Tensorflow provides an easy access to data augmentation with the Keras API. First one defines a data generator object, with the various image transformations required. Then one applies those transformation to all image files in a given directory. Augmented images will be created and stored on disk, for later use.
In my case, I have 44 original images for each classes, and I am creating 132 random synthetic images, for a total of 176 images per class. This should be enough for training the model.
The data augmentation python code is available on github
Anna joins forces with mountaineer Kristoff and his reindeer sidekick …
No, not that Frozen …
Since we are not interested in classifying lizard, or any of the objects the vanilla MobileNet model was trained on, we cannot reuse MobileNet as it (we could , but it will miserably fails at classifying our 4 classes).
MobileNet consists of two ‘blocks’:
- a convolutional base, whose purpose in life is to learn images features. The first layers learn to recognize basic shapes (edges, lines, ovals) , whereas the last layers learn to recognize ‘higher levels’ elements, such as eyes, hears ..
- a classifier, whose purpose is to generate a prediction , e.g. is the image a lizard or a chameleon.
The convolutional base is rather generic (at least its first layers), whereas the classifier is very specific to the training set.
The first step in transfer learning is to swap the original (trained) classifier with our own (still untrained) classifier:
Fortunately, Tensorflow allows this with a few line of code:
- Load from internet a trained MobileNet model, without it’s classifier (as indicated by the include_top = False
base_mobilenet = tf.keras.applications.mobilenet_v2.MobileNetV2(input_shape=IMG_SHAPE, include_top=False, weights='imagenet')
- Create a new model which combines MobileNet and our own classifier
base_mobilenet.trainable = Falseinputs = tf.keras.Input(shape=(96,96,3))# combine Mobilenet ...
x = base_mobilenet(inputs, training=False) # with our own classifier ...
x = tf.keras.layers.GlobalAveragePooling2D() (x)
outputs = tf.keras.layers.Dense(4, activation = 'softmax') (x) # to create a new model, to be trained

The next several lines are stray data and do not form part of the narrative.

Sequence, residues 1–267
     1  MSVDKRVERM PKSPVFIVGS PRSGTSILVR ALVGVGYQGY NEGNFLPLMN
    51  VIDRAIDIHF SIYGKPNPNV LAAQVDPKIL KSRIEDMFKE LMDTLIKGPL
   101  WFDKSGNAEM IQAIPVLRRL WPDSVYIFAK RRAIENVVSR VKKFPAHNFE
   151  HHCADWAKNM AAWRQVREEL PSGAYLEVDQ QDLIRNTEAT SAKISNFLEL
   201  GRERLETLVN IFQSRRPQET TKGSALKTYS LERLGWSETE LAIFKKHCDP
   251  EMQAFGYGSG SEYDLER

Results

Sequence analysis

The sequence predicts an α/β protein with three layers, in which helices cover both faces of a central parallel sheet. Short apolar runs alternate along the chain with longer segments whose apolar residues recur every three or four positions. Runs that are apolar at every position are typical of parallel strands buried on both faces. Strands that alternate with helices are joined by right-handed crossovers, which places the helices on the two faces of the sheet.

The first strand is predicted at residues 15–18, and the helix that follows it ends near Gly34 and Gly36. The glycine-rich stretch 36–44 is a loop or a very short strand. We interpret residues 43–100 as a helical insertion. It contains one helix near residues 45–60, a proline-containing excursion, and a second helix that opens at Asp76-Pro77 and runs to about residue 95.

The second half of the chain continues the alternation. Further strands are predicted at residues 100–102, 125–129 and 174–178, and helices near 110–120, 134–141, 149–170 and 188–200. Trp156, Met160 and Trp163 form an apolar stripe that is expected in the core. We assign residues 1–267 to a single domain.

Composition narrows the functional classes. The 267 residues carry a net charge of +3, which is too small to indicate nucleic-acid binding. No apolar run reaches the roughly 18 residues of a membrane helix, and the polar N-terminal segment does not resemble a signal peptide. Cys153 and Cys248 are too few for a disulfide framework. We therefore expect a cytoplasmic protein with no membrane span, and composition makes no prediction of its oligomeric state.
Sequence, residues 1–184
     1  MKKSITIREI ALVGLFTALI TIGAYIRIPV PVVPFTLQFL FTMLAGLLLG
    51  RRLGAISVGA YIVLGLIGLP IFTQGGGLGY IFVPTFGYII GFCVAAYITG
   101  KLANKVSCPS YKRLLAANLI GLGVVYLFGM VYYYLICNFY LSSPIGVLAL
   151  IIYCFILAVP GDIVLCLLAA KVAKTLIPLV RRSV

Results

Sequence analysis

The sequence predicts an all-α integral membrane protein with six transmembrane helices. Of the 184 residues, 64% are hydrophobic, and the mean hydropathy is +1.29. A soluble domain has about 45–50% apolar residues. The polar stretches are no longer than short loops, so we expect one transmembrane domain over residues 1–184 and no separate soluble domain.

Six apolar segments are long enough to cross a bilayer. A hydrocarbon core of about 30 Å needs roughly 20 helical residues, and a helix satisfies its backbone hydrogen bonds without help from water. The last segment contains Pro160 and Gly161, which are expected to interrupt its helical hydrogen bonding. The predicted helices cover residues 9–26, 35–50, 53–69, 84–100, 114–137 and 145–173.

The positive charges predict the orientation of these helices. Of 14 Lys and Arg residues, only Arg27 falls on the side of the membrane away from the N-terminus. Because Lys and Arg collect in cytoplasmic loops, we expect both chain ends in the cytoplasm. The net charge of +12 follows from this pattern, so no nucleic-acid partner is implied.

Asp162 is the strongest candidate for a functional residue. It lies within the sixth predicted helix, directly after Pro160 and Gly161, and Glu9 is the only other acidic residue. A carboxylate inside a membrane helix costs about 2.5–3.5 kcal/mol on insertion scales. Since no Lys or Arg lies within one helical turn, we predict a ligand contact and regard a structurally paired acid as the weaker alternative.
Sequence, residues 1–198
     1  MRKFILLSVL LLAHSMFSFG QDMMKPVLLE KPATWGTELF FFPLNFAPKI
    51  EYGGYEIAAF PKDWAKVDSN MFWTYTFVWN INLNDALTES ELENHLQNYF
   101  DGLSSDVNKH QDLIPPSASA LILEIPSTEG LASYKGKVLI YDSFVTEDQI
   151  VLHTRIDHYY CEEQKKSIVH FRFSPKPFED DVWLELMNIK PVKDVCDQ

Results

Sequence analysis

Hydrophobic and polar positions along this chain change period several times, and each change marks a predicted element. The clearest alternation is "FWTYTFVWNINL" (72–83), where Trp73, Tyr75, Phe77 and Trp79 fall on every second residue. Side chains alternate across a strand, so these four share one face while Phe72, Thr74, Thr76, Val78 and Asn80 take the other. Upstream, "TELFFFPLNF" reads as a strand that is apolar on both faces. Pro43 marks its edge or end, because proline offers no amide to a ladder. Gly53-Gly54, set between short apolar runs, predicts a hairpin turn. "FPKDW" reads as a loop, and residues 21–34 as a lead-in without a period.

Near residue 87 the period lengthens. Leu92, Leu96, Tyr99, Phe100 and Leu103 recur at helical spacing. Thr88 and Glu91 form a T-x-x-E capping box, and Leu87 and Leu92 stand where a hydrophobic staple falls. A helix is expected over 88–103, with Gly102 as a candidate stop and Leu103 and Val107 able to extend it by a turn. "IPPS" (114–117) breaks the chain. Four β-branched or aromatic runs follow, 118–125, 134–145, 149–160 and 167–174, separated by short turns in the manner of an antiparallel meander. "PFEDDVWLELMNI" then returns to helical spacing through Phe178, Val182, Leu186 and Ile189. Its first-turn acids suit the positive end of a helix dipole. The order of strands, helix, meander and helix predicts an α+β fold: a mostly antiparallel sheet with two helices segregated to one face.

new_model = tf.keras.Model(inputs, outputs)
It is important that we freeze the MobileNet weights (with base_model.trainable = False), so that, when we train our model, we only update our own classifier, and do not update MobileNet’s weights.
The resulting new model looks like :
Layer (type) Output Shape Param #
input_2 (InputLayer) [(None, 96, 96, 3)] 0mobilenetv2_1.00_96 (None, 3, 3, 1280) 2257984 global_average_pooling2d_1 (None, 1280) 0dense_1 (Dense) (None, 4) 5124=================================================================
Total params: 2,263,108
Trainable params: 5,124
Non-trainable params: 2,257,984
- model’s inputs are images 96x96 pixels, with 3 colors
- the trained MobileNet is included, with 2.2 Millions parameters (aka weights)
- the model’s output is 4 classes
Note that the 2.2M parameter are ‘non-trainable’ (frozen). Only our own classifier (with 5214 parameters) can be trained.
Let’s see in a future article how to train our model with our own training set.
— — — — — Do not cross this line if you are not interested in details — — — — —
When importing MobileNet without classifier, the last layer has a dimension of 3x3x1280. This is defined in the MobileNet architecture and corresponds to 1280 matrices of dimension 3x3.
The ‘global_average_pooling2d’ layer is reducing this to a single vector of 1280 scalar, by taking the average of every 3x3 matrices. This is called flattening. This layer of 1280 scalars, combined with the output layer of 4 scalars, is our custom classifier.
The classifier is ‘fully connected’, aka ‘dense’; this means each of the 1280 neurons is connected to all 4 neurons in the last layer. Each connection is represented by a weight, aka a parameter. So the total number of weights in the classifier is (1280 +1) * 4 = 5124, which is the number of trainable parameters indicated above (the reason why 1 is added is out of scope of this discussion).
By default, each weight is represented as a 32bit floating point number. So a 2.2M parameters model will consume at least 8.8Mbytes of RAM. Not a problem for desktops, but RAM is limited on low end microcontrollers, and some do not have this amount of RAM. In future articles we shall discuss how to shrink the model size, using quantization and TensorflowLite.
See also this article for a discussion on the last layer, and how to use it to get a prediction (Softmax)